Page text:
Smooth + Confidence Series, Mother's Day Edition: Anwuli
To Be Careful + Carefree:
The Smooth + Confidence series is our platform to highlight the skin, voices + stories of black women, from the Chicago, Illinois, to Accra, Ghana, through interviews + photography. It's important for our words and narratives to be captured with our pictures, for us, by us.
I met Anwuli Anigbo at Abena’s birthday party back in March. (Along with the friend she mentions, another cool woman we plan to feature on the blog later on, little does she know!) There's almost nothing better than a good, live party full of black folks enjoy themselves—and Abena throws a top-notch one; DJ Madame Shea is no joke, y’all, make sure you book up in advance when she goes professional—but sometimes hanging back + hanging out with the people who're keeping it low key is a great way to catch people on a good vibe, and Anwuli + I were on the same wavelength that evening. She's got a lot of dope stuff going on, what with writing, cooking, creating, mothering, and living, and her particular perspective on how she sees motherhood + creativity is pretty great, so follow her at @saykedu + read on below!
Adwoa Seiwaa: Anwuli! Tell us about yourself. Whether it's what you do, your passions, your drives, your faves, your feats—who are you?
Okay, I’m going to go for my faves: I love dinner parties + Moscato D’asti. I sit in bed + read cookbooks like The Art of Simple Food, because I think food is vital to the quality of life I want to achieve. I am African though, so I feel some kind of way about following strict recipes all the time. I just want to be able to get in the kitchen + improvise. I’m currently obsessed with my new green tea foam mattress + the white sheets I got to go with it; I recently discovered the joy of bedding. I can’t get enough of She’s Gotta To Have It; Nola Darling make realize I wasn’t paying enough attention to my bed. I had honestly never considered how important you relationship with your bed is. This list could go on forever, but last two things I’m currently loving are BLK MKT Vintage and the Museum of Contemporary Art.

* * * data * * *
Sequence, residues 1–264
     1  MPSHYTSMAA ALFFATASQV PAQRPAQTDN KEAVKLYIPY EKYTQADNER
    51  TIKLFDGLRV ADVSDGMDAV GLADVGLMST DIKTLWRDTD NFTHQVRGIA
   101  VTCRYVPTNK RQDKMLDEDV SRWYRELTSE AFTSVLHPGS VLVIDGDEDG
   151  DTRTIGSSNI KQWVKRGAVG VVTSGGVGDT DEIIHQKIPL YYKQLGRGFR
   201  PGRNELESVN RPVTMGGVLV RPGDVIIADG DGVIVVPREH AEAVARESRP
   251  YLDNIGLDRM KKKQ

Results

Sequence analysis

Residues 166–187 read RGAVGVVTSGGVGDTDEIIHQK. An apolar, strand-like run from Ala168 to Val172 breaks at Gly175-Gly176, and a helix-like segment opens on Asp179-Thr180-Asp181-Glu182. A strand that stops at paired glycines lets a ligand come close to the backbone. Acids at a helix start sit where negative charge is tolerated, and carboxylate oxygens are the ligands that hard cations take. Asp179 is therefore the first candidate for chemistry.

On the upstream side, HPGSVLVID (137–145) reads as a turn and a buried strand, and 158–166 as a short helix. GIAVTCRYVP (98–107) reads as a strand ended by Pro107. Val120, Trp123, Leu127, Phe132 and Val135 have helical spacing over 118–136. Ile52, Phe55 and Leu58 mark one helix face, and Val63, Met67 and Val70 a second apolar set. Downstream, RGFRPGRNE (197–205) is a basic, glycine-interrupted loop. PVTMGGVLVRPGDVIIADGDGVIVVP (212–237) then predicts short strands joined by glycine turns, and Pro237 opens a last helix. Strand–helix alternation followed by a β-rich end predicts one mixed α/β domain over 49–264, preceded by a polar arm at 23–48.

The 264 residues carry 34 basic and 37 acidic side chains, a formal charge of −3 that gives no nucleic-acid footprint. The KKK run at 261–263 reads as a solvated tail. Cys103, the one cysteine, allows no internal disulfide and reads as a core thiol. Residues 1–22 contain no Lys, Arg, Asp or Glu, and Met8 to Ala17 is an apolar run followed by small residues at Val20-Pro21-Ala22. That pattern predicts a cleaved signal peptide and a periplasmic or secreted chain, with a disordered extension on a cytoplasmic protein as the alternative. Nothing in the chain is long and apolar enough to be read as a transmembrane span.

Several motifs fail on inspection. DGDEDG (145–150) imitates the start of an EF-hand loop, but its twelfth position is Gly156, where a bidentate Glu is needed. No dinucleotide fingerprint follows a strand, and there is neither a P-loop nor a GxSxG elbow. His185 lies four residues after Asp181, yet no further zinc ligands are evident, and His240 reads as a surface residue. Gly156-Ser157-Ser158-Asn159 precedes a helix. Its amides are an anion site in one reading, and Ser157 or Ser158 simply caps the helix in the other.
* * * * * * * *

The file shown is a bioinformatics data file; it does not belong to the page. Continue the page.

Adwoa Seiwaa: Yes! Teni mentioned your dinner parties—such a lovely way to help give people life. Food is life! So is bed, though; mine is set, but I'm def filing away this green tea foam mattress for the future. BLK MKT Vintage—so well curated! And I've seen a few of those items at places like the Museum of the City of New York + Afropunk. All right, let's get down to our theme for the month with the next question: How do you balance motherhood with your creative +/or entrepreneurial endeavors?